I’m happy but it’s not because of any of those things. Actually, right now I’m a little mad that I’m supposed to be happy at the expense of the rest of the world. I want us all to be happy in ways that matter.
I may have to stop reading the news as there’s a chance I’m going to become the blogging world’s version of a habitual disgruntled letters to editor penner.
“False happiness renders men stern and proud, and that happiness is never communicated. True happiness renders them kind and sensible, and that happiness is always shared.” Charles de Montesquieu
As posted on the Taylors Arm Community page “ANZAC Day at Taylors Arm seems to grow in popularity every year, and is well supported by the local community and beyond. The Taylors Arm sub-branch of the RSL (the smallest in the state!) has an active base, and fundraises throughout the year in order to bring the ANZAC and Remembrance day ceremonies to the Taylors Arm Community.” This year also there is a new cenotaph.
We set our alarms for 4.30am, struggle into warm clothes and after a quick coffee wander down the road to the front veranda of the pub to join those assembled in preparation for the walk to the cenotaph for Dawn Service.
After the Last Post and the completion of the service with the kookaburras and the arrival of daylight signalling time, we congregate back at the pub with cups of tea or traditional rum & milk. Breakfast is available but just on dawn we make our way back up to our house to be greeted by the sun’s tribute to ANZAC Day.
The sunrise resembled the Australian Army Rising Sun badge .
They shall grow not old, as we that are left grow old:
Age shall not weary them, nor the years condemn.
At the going down of the sun and in the morning,
We will remember them.
Lest We Forget
Some people will laugh when I say I had a lucky life as a kid, but I did. The losses I experienced were buffered by the love I received.
I grew up in country Australia, in small-ish towns, with family around me & people I knew. We could & did roam at will. We had few rules: come home when the street lights come on and; don’t swim in the creek (the latter we largely ignored). If I was picked on it was because in the new town we moved to, I didn’t know the other kids & I was shy for a while. They called me “snob”. The kids in my old town would have laughed at the thought of me being shy or a snob, so it wasn’t fair or nice, but I wasn’t picked on for my race, colour or religion, or for long. On Christmas Eve all us kids went to whatever church everyone else was going to that year. The only wars we staged were over who sat where and with whom on the school bus. We were made to go to school. It wasn’t a privilege or an option.
I’m aware as a child I was fairly sheltered from the stuff that goes on behind closed doors. I know bad things happened. There was alcohol, drugs, violence, unplanned pregnancies, losses, disappointments, grief, desperation… afflictions and effects in a modern, affluent society.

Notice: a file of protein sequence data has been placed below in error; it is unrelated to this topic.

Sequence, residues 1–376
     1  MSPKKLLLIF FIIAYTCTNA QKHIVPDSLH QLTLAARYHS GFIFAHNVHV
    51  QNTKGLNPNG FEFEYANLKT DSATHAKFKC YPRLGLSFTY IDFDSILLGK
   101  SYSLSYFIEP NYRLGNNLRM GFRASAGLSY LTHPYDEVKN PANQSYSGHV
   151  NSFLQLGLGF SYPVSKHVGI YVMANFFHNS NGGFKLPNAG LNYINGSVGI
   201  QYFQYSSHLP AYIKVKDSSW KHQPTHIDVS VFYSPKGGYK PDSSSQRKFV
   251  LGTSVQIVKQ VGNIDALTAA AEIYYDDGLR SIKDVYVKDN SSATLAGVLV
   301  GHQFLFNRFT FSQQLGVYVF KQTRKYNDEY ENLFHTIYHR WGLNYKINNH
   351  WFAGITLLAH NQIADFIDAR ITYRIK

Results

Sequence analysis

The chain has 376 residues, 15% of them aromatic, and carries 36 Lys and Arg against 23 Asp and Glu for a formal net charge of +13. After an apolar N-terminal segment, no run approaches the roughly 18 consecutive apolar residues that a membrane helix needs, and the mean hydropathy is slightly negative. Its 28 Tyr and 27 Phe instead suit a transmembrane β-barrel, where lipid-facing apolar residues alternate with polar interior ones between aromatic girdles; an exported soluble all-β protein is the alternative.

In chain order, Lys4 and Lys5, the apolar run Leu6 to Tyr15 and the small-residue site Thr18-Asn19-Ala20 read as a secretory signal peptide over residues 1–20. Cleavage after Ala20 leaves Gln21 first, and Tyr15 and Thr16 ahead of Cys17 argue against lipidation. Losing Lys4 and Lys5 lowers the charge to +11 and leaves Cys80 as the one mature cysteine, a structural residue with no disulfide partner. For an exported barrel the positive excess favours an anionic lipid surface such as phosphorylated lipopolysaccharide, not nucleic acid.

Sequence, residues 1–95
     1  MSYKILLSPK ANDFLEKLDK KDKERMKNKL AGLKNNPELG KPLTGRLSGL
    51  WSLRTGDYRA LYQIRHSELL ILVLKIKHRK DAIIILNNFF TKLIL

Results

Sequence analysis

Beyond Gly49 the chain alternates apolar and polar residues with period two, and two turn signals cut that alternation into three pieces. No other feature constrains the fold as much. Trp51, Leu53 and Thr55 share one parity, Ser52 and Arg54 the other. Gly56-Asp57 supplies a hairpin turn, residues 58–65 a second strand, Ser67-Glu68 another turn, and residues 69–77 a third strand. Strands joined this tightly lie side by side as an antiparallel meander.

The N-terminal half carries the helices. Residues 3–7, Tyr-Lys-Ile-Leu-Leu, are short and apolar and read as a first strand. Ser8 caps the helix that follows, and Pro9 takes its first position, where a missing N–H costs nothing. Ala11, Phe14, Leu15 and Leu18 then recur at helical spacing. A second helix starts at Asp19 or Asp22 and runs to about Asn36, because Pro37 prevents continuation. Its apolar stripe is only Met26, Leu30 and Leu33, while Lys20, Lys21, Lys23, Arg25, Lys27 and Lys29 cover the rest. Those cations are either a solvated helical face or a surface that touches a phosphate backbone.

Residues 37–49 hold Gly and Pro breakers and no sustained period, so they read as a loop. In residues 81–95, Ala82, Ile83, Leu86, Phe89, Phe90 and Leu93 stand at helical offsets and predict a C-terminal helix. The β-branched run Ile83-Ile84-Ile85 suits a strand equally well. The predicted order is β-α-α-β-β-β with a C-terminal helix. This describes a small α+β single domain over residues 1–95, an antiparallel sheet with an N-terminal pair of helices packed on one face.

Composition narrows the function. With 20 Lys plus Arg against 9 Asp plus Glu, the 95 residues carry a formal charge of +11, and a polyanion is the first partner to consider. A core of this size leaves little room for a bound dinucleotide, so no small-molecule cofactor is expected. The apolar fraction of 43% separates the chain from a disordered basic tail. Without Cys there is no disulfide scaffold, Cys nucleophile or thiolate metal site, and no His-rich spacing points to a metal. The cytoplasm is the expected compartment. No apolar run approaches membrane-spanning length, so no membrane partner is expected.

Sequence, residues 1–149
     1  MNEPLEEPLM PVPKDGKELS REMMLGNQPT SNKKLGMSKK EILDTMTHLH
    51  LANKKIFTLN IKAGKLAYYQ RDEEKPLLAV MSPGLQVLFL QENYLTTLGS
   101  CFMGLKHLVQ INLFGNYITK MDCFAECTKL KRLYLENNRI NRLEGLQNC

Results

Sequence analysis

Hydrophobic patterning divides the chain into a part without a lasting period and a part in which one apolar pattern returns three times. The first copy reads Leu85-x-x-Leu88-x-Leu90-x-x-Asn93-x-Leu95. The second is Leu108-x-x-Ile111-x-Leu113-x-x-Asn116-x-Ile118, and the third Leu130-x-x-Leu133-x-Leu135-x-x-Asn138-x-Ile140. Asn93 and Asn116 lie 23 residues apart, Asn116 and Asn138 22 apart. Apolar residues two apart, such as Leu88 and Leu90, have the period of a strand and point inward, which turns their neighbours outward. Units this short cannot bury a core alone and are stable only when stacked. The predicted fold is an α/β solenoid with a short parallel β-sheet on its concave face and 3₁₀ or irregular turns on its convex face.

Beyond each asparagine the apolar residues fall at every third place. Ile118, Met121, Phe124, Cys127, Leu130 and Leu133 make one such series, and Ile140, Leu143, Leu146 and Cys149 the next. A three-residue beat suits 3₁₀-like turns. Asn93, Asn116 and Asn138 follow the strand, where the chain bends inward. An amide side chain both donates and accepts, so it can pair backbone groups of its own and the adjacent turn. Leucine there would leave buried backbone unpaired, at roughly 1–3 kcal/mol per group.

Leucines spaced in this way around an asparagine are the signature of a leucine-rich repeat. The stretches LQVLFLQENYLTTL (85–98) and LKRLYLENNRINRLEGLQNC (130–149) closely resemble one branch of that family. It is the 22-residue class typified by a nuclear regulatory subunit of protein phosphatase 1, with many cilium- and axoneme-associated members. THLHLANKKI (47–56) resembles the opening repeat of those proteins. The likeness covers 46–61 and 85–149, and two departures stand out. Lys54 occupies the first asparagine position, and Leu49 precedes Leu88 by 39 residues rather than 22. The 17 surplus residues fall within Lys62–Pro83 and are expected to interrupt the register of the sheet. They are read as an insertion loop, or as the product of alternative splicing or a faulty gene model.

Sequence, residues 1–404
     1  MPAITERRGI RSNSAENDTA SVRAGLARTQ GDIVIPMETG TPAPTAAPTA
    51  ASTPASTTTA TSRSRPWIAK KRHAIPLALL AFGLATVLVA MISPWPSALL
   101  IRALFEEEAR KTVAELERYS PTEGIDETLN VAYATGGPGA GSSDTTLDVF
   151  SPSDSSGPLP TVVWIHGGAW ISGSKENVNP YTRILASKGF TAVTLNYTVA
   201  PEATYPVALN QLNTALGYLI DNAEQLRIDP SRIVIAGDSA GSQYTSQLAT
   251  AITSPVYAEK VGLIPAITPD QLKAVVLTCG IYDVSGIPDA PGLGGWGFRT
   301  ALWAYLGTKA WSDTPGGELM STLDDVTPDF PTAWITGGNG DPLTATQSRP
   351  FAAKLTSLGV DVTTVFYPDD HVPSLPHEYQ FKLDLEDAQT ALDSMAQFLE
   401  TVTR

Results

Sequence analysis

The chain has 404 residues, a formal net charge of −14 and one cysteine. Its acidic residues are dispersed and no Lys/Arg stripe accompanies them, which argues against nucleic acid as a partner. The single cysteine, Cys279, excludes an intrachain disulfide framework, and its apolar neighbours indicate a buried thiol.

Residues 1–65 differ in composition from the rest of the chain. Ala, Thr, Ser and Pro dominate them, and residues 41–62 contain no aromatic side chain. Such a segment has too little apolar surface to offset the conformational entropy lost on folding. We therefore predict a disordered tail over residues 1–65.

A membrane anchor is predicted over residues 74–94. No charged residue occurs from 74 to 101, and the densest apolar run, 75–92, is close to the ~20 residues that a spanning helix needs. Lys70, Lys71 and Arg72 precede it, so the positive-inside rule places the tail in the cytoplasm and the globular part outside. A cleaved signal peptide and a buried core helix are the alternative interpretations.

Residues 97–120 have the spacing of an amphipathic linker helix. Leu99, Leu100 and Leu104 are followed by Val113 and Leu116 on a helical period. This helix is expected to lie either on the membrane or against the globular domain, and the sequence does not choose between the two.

I well remember well being 16, and feeling the walls of community closing around me. I look back now and know it was just me growing out of the cocoon that had sheltered, nurtured and given me the strength and momentum I was feeling the push of. It wasn’t perfect but if I had kids I’d go straight back there or somewhere like it, such is the strength of my convictions about the benefits of good community.
This doesn’t mean I live in a bubble. I am tragically aware my life then and now is the worldwide exception rather than the rule. I have a dream. I dream all kids will grow up feeling confident and being safe, knowing everyone is the same but different & that’s ok. I dream they will have enough. Love, food, water, shelter, education will take them to a future they can imagine living & thriving in and passing on to others. I dream they will experience enough challenges to develop character but nothing they can’t handle or will damage them.
I dream they will be neither persecutors or victims.
Having been independent and out in the world for several decades, I again feel the draw of community and know it will have its place in my life soon enough. Within it both locally and globally is a continuing opportunity for me to manifest those dreams.
This post is my tribute to “16-year-old Amina Filali, who took her own life to escape marriage to the man whom her family says raped her. Escape for Amina came in the form of a pill of rat poison she bought in a market for 60¢.” I began writing it before I saw the news article which led me to think about Amina’s dreams . Even though she is no longer alive her dreams will be alive as long as we keep dreaming for her and others who need our dreams, for I believe just as nothing can be accomplished with only dreams, also nothing can be accomplished without them.
I dream the kids of today & tomorrow will grow up, grow old, take my dreams and make them obsolete. I dream they will dream their own dreams, better dreams.
I dream this for Amina Filali.